Living with arthritis: Carson’s story

Seventeen-year-old Carson comes from a close-knit family of athletes and had been playing baseball for a decade when consistent, unexplained pain left his family stumped and looking for answers. The next 18 months were filled with countless physical therapy and orthopedic appointments. When an MRI of his spine lead the radiologist to assume they were from a middle-aged person who’d played a lifetime of contact sports, rather than a 15-year-old boy, finally the family had a clue that Carson’s pain was not just an overuse injury.

At the time, pre-diagnosis, Carson was traveling a couple hours roundtrip every few days for orthopedic appointments related to wrist, elbow and shoulder pain.

He was ultimately referred to Dr. Andrew Shulman, a CHOC Children’s pediatric rheumatologist, and finally Carson’s family had the answers they’d been seeking for years. Carson was diagnosed with Juvenile Ankylosing Spondylitis, a form of arthritis that affects the spine and sites where muscles, tendons and ligaments attach to bones in the body. Juvenile Ankylosing Spondylitis is diagnosed in 1 in every 50-100,000 children per year.

He was also diagnosed with Pain Amplification Syndrome, a condition in which patients develop abnormal pain sensitivity. The nervous system processes normal sensations from movement and environmental experience as pain signals.

Andrew Shulman, M.D.
Andrew Shulman, M.D.

Looking back as far as middle school, a lot of Carson’s issues were tied to this condition. He had tried everything from water therapy to hypnosis, but nothing worked. Then Dr. Shulman recommended acupuncture, and Carson’s mom Andrea explains how Ruth McCarty, director of Chinese medicine and acupuncture at CHOC, was ‘unbelievable in getting Carson to a good place.’

Additionally, Carson’s multidisciplinary care team includes physical therapist Robin Beauregard and pediatric gastroenterologist Dr. Mitchell Katz. Carson’s family is also a key component of his care team.

“Dealing with these diagnoses is a team effort,” says Carson. “My dad carries me up the stairs when my Pain Amplification Syndrome flares up and I can’t walk, and I squeeze his hand during Humira injections. My mom helps me mentally, and she’s made this so much easier to manage. Dr. Shulman has given us a path forward.”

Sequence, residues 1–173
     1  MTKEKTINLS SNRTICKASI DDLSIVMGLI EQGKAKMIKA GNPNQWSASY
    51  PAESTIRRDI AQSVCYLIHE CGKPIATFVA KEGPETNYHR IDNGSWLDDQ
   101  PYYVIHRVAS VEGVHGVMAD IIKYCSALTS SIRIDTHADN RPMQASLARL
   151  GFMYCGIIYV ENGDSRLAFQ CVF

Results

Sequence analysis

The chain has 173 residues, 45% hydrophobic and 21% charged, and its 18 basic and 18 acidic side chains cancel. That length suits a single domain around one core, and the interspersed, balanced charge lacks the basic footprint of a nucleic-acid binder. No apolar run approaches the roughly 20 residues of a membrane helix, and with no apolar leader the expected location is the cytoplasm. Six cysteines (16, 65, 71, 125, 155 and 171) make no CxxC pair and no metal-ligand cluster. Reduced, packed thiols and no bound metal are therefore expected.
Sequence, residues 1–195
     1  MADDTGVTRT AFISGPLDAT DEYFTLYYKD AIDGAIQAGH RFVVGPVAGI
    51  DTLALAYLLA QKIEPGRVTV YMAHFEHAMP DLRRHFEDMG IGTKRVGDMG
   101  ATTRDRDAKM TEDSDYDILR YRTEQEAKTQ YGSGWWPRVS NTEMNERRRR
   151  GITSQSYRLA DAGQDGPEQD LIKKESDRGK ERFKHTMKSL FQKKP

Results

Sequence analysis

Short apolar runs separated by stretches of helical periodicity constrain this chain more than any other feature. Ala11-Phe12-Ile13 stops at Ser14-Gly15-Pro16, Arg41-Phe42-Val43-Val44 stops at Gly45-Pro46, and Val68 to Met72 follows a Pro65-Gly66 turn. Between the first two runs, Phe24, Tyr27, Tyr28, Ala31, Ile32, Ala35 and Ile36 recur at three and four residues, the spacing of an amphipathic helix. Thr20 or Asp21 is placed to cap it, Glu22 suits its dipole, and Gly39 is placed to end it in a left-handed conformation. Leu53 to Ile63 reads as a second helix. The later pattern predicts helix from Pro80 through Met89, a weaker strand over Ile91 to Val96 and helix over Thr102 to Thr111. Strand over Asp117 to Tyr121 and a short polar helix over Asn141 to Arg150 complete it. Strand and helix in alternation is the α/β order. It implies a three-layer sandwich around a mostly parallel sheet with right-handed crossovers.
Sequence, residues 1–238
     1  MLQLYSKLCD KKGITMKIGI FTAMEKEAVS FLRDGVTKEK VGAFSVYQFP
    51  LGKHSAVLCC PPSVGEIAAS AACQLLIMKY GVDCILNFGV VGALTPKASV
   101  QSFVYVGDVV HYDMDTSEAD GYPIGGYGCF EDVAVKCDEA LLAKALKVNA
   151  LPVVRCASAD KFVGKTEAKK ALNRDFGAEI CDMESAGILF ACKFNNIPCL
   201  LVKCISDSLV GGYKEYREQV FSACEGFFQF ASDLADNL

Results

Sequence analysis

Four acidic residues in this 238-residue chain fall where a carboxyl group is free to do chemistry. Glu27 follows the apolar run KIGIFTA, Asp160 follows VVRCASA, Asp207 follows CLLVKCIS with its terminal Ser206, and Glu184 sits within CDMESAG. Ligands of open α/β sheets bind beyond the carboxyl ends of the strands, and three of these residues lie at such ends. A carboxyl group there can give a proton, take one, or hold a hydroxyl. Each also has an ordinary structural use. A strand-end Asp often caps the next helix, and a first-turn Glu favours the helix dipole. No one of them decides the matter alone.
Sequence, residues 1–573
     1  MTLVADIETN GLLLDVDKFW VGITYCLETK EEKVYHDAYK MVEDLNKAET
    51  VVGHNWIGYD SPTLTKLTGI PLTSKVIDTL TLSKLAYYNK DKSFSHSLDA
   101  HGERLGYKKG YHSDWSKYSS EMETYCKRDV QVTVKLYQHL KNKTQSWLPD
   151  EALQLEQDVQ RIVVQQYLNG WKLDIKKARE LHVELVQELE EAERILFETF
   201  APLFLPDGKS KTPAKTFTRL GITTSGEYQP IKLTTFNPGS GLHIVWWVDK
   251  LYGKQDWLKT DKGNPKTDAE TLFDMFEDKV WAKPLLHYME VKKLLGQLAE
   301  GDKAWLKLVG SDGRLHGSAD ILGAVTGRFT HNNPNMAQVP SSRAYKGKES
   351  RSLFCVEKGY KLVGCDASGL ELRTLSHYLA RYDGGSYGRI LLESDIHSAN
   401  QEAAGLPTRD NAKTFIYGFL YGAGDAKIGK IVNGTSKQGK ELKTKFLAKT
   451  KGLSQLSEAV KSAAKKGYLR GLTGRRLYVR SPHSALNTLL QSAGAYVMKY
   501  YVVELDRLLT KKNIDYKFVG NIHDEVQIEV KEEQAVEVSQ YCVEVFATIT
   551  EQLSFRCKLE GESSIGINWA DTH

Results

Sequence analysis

Despite still making his school’s baseball team while fighting a dual diagnosis, Carson could no longer cope with the week or two of pain that came with playing a single inning. Now he works out daily in a gym whether he’s experiencing a flare up or not, which helps with both diagnoses. To fill the void that competitive baseball left, he often plays catch with his friends and former teammates.

“Carson’s journey with arthritis is a powerful one. It speaks to the importance of diagnosing arthritis, and the outcomes we can achieve with therapy,” says Dr. Shulman. “His experience shows that multidisciplinary care has been transformative.”

Dr. Shulman offers the following guidelines on when to refer for further evaluation:

  • Persistent joint swelling, stiffness, limited range of motion.
  • Musculoskeletal pain not responding to rest, supportive care, modification of activity and exercise.

For a full list of referral guidelines, click here.  To contact Dr. Shulman, please call 714-509-8617. 

Learn more about rheumatology services at CHOC Children’s.

 

Meet Dr. Laura Totaro

CHOC Children’s wants its referring physicians to get to know its specialists. Today, meet Dr. Laura Totaro, a pediatric hospitalist at CHOC Children’s at Mission Hospital.

Dr. Laura Totaro

Q: What is your education and training?

A: I attended Loma Linda University Medical School and graduated in 2011. I then became part of the first UC Irvine/CHOC Children’s pediatric residency class and graduated from the program in 2014. I was board-certified in Pediatrics in 2014.

Q: What are your administrative appointments?

A: I am the hospitalist representative for both the CHOC Children’s at Mission Hospital Intensive Care Committee and the CHOC Children’s Infection Prevention Committee.

Q: What are your special clinical interests?

A: I am most interested in infectious disease and autoimmune disorders.

Q: How long have you been on staff at CHOC?

A: Two years.

Q: What are your most common diagnoses?

A: Seizures, asthma, bronchiolitis, pneumonia, and gastroenteritis/dehydration.

Q: What would you most like community/referring providers to know about you or your division at CHOC?

A: In an effort to better facilitate transfer of care, we now offer 24/7 hospitalist coverage at both CHOC campuses.

Q:  What inspires you most about the care being delivered here at CHOC?